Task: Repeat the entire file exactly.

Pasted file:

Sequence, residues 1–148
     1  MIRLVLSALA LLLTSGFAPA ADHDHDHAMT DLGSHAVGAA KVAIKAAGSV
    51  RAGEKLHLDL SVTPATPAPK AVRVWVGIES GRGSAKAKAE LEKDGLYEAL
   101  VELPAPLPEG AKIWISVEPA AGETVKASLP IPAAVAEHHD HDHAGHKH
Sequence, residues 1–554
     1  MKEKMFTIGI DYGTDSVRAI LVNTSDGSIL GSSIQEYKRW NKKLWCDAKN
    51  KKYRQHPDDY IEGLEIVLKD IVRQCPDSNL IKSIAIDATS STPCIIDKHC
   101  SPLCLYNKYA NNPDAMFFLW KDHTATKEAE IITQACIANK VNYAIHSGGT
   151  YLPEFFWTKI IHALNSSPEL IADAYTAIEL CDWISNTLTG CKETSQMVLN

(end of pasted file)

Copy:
Sequence, residues 1–148
     1  MIRLVLSALA LLLTSGFAPA ADHDHDHAMT DLGSHAVGAA KVAIKAAGSV
    51  RAGEKLHLDL SVTPATPAPK AVRVWVGIES GRGSAKAKAE LEKDGLYEAL
   101  VELPAPLPEG AKIWISVEPA AGETVKASLP IPAAVAEHHD HDHAGHKH
Sequence, residues 1–554
     1  MKEKMFTIGI DYGTDSVRAI LVNTSDGSIL GSSIQEYKRW NKKLWCDAKN
    51  KKYRQHPDDY IEGLEIVLKD IVRQCPDSNL IKSIAIDATS STPCIIDKHC
   101  SPLCLYNKYA NNPDAMFFLW KDHTATKEAE IITQACIANK VNYAIHSGGT
   151  YLPEFFWTKI IHALNSSPEL IADAYTAIEL CDWISNTLTG CKETSQMVLN